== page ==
States Prep for Possible Swine Flu Pandemic
By Daniel C. Vock, Staff Writer; Pauline Vu, Staff Writer
As health officials across the country ramp up preparations to battle the swine flu , the head of a national coalition of state health officials warned Congress Tuesday (April 28) that states could be in trouble if infections reach a pandemic level.
Paul Jarris, executive director of the Association of State and Territorial Health Officials , urged a Senate subcommittee to spend more than $1 billion to help states respond to a pandemic flu. He said federal funding cuts for state and local preparedness efforts and layoffs of health workers caused by the recession could hamper states' ability to respond.
Jarris requested $350 million to help states update their pandemic response plans and conduct more drills to practice them. He also wants $122 million to help states buy enough antiviral medicine, like Tamiflu or Relenza, to treat 8 million more people, which would boost the nation's stockpiles to a total of 81 million courses of treatment. Jarris also asked for $563 million to protect doctors, nurses and other health workers with antiviral drugs and protective gear.
On Tuesday President Obama also asked Congress for $1.5 billion to prepare for a flu pandemic.
The swine flu outbreak that originated in Mexico has led to at least 91 confirmed cases in 10 states: Arizona, California, Indiana, Kansas, Massachusetts, Michigan, Nevada, New York, Ohio and Texas, with the largest number of cases, 51, in New York, and the first death, of a 23-month-old child, in Texas. Other state health departments are reporting more possible cases that have not yet been included in the federal tally.
California Gov. Arnold Schwarzenegger (R) declared a state of emergency Tuesday to ensure the state could react swiftly to the crisis. California plans to conduct its own tests to screen for swine flu, instead of relying on the federal government.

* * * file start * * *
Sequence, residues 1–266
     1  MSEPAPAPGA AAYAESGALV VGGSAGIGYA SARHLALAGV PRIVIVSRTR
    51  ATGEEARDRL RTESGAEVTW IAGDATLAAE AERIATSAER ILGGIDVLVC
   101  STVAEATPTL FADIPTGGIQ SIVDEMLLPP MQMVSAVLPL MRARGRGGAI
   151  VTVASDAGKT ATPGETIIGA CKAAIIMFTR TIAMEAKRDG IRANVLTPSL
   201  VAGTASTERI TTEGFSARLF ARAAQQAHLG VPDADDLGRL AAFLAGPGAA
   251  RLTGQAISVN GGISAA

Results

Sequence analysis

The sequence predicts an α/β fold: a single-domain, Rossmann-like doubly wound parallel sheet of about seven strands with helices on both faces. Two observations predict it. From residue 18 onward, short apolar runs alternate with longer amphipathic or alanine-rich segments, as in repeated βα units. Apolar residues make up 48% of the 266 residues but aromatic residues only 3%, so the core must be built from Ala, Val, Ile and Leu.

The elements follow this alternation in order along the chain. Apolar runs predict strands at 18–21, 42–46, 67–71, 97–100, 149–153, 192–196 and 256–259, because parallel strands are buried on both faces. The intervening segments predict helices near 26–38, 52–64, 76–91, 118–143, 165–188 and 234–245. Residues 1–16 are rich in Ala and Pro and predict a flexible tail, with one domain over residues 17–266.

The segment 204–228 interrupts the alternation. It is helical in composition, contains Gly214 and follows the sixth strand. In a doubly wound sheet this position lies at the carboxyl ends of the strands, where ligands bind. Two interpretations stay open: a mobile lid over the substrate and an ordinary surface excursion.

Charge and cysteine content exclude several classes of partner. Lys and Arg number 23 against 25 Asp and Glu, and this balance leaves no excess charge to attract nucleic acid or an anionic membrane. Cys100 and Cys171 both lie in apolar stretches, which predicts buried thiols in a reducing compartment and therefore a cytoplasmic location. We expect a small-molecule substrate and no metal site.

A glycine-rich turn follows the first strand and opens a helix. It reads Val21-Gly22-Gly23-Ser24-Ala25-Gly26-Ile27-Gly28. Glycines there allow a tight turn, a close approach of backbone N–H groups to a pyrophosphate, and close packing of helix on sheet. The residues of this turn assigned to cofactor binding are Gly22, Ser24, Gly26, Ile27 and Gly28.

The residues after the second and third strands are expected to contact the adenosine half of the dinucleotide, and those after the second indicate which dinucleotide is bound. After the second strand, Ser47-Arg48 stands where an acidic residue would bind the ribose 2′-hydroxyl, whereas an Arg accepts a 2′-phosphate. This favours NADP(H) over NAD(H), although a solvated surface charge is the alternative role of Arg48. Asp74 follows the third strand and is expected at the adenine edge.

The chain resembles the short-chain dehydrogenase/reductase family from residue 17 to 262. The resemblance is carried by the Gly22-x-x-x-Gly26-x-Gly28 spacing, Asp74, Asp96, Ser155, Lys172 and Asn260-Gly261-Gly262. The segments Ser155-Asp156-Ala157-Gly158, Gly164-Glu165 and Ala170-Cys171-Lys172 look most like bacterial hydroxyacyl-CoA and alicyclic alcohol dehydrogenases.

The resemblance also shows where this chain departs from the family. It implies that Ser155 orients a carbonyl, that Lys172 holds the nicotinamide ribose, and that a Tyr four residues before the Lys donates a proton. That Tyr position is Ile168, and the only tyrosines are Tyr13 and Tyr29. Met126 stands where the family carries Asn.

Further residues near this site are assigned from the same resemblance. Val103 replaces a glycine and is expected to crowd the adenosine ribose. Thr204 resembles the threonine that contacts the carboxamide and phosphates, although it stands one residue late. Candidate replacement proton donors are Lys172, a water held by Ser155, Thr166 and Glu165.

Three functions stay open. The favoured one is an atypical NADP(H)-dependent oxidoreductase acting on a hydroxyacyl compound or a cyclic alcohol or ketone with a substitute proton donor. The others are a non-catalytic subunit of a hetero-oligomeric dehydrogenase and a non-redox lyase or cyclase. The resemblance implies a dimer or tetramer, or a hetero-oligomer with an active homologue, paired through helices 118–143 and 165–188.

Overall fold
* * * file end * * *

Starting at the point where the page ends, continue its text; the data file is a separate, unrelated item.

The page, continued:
"There is no need for alarm. I issued my emergency proclamation to make sure all agencies are working in sync with the (Department) of Public Health," the governor wrote on his Twitter account.
Most of those infected in this country are recovering, but in Mexico, more than 2,000 people have been infected and more than 150 have died.
Jarris said that states are able to respond to the emerging outbreak because of preparations they made, working with the federal government, over the last few years. The federal government paid for that planning with $600 million Congress approved in 2006 in response to fears over the avian flu threat. That funding ran out in August.
Another challenge is that the economic downturn is taking its toll on public health workers, critical for a full pandemic response, Robert Pestronk, the executive director of the National Association of City and County Health Officials, told reporters Monday (April 27). About 10,000 public health positions were eliminated in 2008, and more layoffs are expected this year, he said.
"The capacity to do the kind of response that is under way right now may not be there if the cases rise significantly and if the severity of the cases continues," Pestronk said. He added that a wider outbreak could cause between 30 percent and 40 percent of health workers to become ill, taking them out of commission.
Federal funding for state and local preparedness has been cut more than 25 percent since 2005, and states aren't receiving any supplemental funding for pandemic flu preparation. In fiscal year 2008, 11 states and Washington, D.C., cut funding for public health services from the previous year and that was before the economy took a nosedive.
"Were this to go to a full pandemic ... we would have to begin staffing seven days a week, 24 hours a day, and that would be a phenomenal challenge to mount with the workforce losses we have now," Jarris said. "We will do everything that's humanly possible, but only so much is humanly possible."